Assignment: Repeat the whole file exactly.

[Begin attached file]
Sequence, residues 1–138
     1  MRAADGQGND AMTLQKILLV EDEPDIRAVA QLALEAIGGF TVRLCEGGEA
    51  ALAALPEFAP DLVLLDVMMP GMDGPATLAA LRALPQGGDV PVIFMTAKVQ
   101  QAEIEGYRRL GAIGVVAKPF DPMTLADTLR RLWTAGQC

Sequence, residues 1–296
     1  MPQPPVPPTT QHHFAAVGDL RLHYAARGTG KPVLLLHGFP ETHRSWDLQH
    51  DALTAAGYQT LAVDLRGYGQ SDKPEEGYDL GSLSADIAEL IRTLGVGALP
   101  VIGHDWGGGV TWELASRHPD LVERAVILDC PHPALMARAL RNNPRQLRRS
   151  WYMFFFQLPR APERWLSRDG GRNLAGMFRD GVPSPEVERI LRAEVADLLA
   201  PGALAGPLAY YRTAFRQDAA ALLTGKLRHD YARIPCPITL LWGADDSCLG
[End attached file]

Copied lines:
Sequence, residues 1–138
     1  MRAADGQGND AMTLQKILLV EDEPDIRAVA QLALEAIGGF TVRLCEGGEA
    51  ALAALPEFAP DLVLLDVMMP GMDGPATLAA LRALPQGGDV PVIFMTAKVQ
   101  QAEIEGYRRL GAIGVVAKPF DPMTLADTLR RLWTAGQC

Sequence, residues 1–296
     1  MPQPPVPPTT QHHFAAVGDL RLHYAARGTG KPVLLLHGFP ETHRSWDLQH
    51  DALTAAGYQT LAVDLRGYGQ SDKPEEGYDL GSLSADIAEL IRTLGVGALP
   101  VIGHDWGGGV TWELASRHPD LVERAVILDC PHPALMARAL RNNPRQLRRS
   151  WYMFFFQLPR APERWLSRDG GRNLAGMFRD GVPSPEVERI LRAEVADLLA
   201  PGALAGPLAY YRTAFRQDAA ALLTGKLRHD YARIPCPITL LWGADDSCLG